Grades 4 - 8 can experience this activity. Some extensions for Grades 6 - 8 have been noted.
The following background information about paleontology courtesy of Dr. Ross Secord, Associate Professor, and Robert Skolnick, Preparator, UNL Vertebrate Paleontology Staff.
Activity length: 30-40 minutes
- Describe how paleontologists go about their work when they are at a dig site to preserve a fossil.
- Recognize science is an ongoing scientific process that involves field work, categorizing and describing evidence.
Prep for Teachers
- fossil - the remains or impression of a prehistoric organism preserved in petrified form or as a mold or cast in rock.
- paleontologist - a person who works with preserving and studying animal and plant fossils
- preparator - a person who prepares the fossil to be preserved
- adhesive - a substance used to stick objects or materials together
- taxon - a taxonomic group of any rank such as species, family, or class
- consolidant - an adhesive put onto the fossil to harden it
What is a field jacket?
A field jacket is a plaster covering placed over and around a fossil, while in the field, to protect the fossil as it is removed and transferred safely back to the lab or museum for further study.
How do you use a field jacket?
When a paleontologist goes into the field, the main purpose often is geological mapping of sedimentary rock layers, which may contain fossils. While the paleontologist is mapping, the preparators and students are prospecting for fossils, carefully looking at the ground for fossils bone fragments. If bones are found, the layer in the rock is identified by looking for any other bones in the same area to confirm they come from that layer in the rock. If they aren't weathering out of that rock layer, we know we have to go upslope because over time a fossil weathers out of its rock layer and moves downslope due to gravity.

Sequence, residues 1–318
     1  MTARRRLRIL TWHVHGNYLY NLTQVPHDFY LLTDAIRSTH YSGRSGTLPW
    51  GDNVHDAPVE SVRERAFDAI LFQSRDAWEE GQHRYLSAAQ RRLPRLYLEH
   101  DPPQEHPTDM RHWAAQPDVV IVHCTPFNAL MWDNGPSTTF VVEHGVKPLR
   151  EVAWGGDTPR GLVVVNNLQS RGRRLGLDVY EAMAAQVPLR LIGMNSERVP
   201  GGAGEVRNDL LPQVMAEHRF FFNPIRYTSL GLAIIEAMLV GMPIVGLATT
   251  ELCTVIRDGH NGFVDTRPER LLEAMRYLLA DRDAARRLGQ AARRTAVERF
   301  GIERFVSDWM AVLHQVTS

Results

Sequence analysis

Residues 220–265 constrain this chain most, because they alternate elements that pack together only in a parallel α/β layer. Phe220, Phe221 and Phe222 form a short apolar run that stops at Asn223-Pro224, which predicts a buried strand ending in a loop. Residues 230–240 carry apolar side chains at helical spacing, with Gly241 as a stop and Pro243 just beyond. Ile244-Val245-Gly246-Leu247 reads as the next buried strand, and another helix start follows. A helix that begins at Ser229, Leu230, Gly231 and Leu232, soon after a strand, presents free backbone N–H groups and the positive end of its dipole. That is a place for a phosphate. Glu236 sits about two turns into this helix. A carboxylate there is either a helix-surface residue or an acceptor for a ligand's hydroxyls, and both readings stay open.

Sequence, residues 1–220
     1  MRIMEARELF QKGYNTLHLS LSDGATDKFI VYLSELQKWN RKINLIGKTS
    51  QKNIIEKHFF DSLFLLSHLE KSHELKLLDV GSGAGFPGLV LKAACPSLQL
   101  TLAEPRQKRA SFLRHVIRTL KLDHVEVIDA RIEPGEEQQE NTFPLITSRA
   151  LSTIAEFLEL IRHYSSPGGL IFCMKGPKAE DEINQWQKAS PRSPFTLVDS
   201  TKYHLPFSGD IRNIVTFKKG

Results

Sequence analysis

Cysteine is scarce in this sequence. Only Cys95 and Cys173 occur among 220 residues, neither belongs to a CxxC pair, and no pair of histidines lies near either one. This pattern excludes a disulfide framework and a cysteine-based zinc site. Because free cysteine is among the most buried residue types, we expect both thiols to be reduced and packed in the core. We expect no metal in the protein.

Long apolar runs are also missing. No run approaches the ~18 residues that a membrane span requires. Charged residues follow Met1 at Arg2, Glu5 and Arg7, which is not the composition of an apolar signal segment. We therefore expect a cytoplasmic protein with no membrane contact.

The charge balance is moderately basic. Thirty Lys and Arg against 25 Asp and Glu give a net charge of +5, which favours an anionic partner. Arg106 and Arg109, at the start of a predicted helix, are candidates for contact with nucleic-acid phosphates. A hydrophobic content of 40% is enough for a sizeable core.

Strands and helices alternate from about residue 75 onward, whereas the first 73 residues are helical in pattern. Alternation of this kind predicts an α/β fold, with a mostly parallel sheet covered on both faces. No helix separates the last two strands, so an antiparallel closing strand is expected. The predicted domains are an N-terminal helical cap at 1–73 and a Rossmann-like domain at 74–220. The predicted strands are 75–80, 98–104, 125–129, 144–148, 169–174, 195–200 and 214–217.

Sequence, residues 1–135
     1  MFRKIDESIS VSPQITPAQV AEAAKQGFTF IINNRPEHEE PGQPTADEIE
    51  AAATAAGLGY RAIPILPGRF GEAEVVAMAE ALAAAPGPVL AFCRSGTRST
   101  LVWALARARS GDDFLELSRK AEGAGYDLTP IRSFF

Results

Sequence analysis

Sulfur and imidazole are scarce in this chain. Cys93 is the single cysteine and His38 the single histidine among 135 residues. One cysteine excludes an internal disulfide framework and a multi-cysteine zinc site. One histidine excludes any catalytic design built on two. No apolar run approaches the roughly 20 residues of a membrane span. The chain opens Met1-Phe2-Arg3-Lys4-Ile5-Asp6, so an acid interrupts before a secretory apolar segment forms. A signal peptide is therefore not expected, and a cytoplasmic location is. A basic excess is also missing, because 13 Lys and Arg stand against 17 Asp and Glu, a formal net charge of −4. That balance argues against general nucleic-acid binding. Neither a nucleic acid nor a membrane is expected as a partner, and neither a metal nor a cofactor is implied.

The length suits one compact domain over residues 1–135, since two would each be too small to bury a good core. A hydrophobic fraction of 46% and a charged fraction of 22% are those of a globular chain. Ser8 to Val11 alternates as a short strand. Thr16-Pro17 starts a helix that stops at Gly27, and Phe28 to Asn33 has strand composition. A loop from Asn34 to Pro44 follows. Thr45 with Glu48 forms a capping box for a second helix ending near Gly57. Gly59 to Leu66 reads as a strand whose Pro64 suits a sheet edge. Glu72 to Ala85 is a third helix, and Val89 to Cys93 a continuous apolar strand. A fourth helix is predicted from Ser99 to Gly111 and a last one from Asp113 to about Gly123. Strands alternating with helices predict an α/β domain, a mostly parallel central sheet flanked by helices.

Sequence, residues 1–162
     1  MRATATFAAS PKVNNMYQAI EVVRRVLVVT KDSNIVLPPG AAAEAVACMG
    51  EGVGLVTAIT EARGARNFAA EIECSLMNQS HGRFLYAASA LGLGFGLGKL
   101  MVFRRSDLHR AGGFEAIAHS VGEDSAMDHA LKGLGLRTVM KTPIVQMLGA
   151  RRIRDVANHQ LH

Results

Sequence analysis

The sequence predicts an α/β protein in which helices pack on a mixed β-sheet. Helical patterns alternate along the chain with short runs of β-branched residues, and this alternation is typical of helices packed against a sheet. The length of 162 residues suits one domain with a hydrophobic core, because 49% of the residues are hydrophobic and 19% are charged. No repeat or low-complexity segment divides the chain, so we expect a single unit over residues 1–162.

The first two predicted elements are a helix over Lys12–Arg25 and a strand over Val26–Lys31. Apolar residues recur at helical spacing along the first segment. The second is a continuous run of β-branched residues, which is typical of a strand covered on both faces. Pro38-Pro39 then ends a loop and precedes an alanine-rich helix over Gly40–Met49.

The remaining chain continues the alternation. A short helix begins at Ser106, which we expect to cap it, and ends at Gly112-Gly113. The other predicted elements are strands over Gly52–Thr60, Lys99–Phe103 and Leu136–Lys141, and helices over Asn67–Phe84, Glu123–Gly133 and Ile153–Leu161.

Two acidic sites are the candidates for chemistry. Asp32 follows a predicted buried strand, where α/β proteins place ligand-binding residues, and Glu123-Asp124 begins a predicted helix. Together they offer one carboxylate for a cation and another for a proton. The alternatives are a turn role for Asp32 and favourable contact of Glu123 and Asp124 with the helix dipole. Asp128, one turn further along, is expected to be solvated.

Once the source of the fossils is found, then digging around the fossils is done very carefully getting an idea of how much of the fossil is there. Fossils are very fragile, full of cracks, so a chemical consolidant or adhesive is put onto the fossil to harden it. Next, toilet paper is used in layers as a separator on the fossil because it is very pliable. Then on top of that, burlap strips soaked with plaster mixed in water are placed over the fossil. The toilet paper is used as a separator between the fossil and the plaster so the plaster doesn't stick to the bone. Paper towels can be substituted for toilet paper. The number of layers of toilet paper and plaster depends on the shape and size of the fossil you are collecting.
The best technique for excavating a fossil is to carefully dig around the edges of the fossil leaving it on a
base of rock called a pedestal. After applying a plaster field jacket to the top of the pedestal, the fossil and pedestal can be safely undercut and removed from the rock. Then the rest of the fossil on the underside is covered in the same way as the top, with toilet paper and a plaster cast.
The most important part of the excavation of a fossil is the data collection! Documentation of the rock layers where the fossil was located is done using GPS. All fossils and field jackets are labeled in the field with a field number, their location, and a preliminary identification as to what type of animal they were or taxon. A stratigraphic rock column is drawn to show the location of the fossil within the sequence of rock layers. This information, or data, is recorded in a field book by the paleontologist. As a famous field paleontologist once said, "Without the data, a fossil is just a pretty rock!"